@sean and yes, I agree, my father was probably not the model but he influenced how I tried to analyse it later. Thanks for the comments and advice
Balance in multiple dimensions is needed for a happy and truly ‘successful’ life – I thought this was a persuasive thought from Adam Fraser: “The lack of space – time to oil and facilitate a flow – between each of our activities, obligations and roles means there is the likelihood of taking anger or frustration from one engagement to the next.” http://www.smh.com.au/lifestyle/life/the-third-space-the-secret-to-success-20130507-2j59o.html
As technology erodes the signals and hard-wired rules that used to create these balances semi-automatically, successful people who wish to be genuinely and sustainably productive need to make their own rules and set their own limits. They need to set in motion a virtuous cycle driven by what matters to them. Of course that means deciding what matters, a deeply personal equation not necessarily easy to solve.
JP thank you for a very interesting post – love that it starts with a poem and Doors moves through your and your father’s working and family life ending in provoking me to reflect on how my early life in Belgrade and subsequent working patterns in UK brought me to the current stage where I work mostly from home at all hours.
It always struck me that “work-life balance” was a wrong term from the start. At least when it comes to being a professional woman this expression was inevitably interpreted as “work-family balance” in the past. It implied an assessment of whether I can be relied to be like a bloke who does not bear children and happily leaves all the home and family cares behind (or in the hands of a capable secretary). Such was the corporate ethos of 1980s and early 1990s London.
You have brought to my mind Shoshana Zubbof’s book”In the Age of the Machine” and her exploration how the nature of work changed as industralization marched on. For the early workers in the factories it was literally question of “work-life balance” when they had to abandon work at harvest time to tend family fields and ensure their survival.
But then I remembered my husband’s grandfather who was a reknown classical musician. His students travelled from all over and came to his home for lessons.
And at this late hour, my husband just came to check why I am still up – in the interest of domestic harmony I will come back in the morning!
In olden days everyone was in the same place most of their lives, for work and for play. Then came factories and towns, and workers went to ‘work’. When you were at work you worked, and when you were at home you had your time to yourself. Times change. The mobiles changed a lot. The factories closed and agile working started to become normalised. So many jobs in the digital world these days you can’t close the door and go home. So many working wives now, so men are often called back to the family in working hours. I think its a case of digital has shrunk the world back to the size we thought it was when we thought the earth was flat and we operated in a small world of our own. Now its a global village, and we don’t have the luxury of staying small. We have to adapt, as humans always have. It was good to read your post last night and I have thought about it a lot. It is good to start to think about these things and get the balance.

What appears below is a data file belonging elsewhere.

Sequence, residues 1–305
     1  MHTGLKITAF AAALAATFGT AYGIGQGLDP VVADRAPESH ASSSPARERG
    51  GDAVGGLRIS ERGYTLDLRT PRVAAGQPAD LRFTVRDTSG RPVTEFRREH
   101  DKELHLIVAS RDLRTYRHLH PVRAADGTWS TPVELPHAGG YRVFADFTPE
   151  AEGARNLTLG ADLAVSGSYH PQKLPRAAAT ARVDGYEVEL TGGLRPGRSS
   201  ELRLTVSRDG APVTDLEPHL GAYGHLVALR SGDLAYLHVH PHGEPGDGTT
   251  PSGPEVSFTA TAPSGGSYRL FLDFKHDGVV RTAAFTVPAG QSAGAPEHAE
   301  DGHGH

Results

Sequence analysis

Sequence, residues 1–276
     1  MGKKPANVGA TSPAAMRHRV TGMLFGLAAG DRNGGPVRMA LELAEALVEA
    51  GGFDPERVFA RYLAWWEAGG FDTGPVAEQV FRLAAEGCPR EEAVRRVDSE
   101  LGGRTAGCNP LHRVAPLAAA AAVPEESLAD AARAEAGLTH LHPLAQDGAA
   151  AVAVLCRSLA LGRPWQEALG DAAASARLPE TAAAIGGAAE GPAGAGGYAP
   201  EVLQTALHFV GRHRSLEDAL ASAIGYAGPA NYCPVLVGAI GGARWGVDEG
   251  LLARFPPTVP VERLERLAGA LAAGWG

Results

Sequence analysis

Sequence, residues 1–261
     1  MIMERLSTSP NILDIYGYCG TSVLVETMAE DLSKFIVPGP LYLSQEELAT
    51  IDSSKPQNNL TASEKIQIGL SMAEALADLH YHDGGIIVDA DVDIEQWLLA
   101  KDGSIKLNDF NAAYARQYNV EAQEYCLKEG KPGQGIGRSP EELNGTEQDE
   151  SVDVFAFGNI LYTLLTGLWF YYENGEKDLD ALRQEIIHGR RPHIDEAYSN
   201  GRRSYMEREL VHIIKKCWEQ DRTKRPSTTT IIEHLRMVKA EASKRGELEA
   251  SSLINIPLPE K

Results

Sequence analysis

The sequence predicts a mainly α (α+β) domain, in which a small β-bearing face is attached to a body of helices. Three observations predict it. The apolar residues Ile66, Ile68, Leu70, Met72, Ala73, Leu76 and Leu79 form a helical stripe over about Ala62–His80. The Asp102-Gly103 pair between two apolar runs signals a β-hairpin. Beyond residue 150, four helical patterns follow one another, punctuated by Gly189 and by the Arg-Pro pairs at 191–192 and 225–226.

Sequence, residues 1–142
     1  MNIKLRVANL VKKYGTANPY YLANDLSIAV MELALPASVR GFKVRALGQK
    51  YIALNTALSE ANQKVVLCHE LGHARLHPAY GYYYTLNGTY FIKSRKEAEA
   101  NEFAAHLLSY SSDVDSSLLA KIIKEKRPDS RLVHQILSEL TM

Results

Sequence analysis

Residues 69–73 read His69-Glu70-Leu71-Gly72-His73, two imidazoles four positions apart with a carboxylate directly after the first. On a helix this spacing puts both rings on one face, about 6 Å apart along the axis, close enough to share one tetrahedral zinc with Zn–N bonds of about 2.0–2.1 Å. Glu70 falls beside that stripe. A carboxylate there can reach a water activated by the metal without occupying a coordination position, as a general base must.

JP – couldn’t agree more – “work life balance” always struck me as being odd – surely work is an integral part of my life…
One of the most valuable lessons I learned from my mother – an English teacher – was that being passionate and engaged with what you do – whether it’s raising your children, keeping a house, being a teacher or writing poetry – is a reward in itself.
This implicit trade-off “i hate it but I have to do it so I can support my family” fills me with horror – I know that some people truly find themselves in that position – but for many of us, if we took the time we could have a much more fulfilling relationship with the thing that gets us paid.
I think that Charles makes a very good – and important – point. It is up to all of us to figure out our personal understanding of what matters – this is a scary but fundamentally liberating proposition. It’s a hard problem but luckily – we have a whole lifetime in which to solve it and I think it’s also something which can be addressed iteratively…simply setting out on the voyage is a hugely empowering step.
Danah Boyd’s | Apophenia tag line: Making connections where none previously existed. Till this point to do any level of scalability you’ve needed the resources of national security agency or Google / Facebook perhaps a Walmart / Tesco. However 2013 is shaping up to bring Big Graph Database technologies via machine learning to the enterprise. They are very powerful and eliminate stand to eliminate notions of separation. San Francisco 1st July http://glw2.eventbrite.com/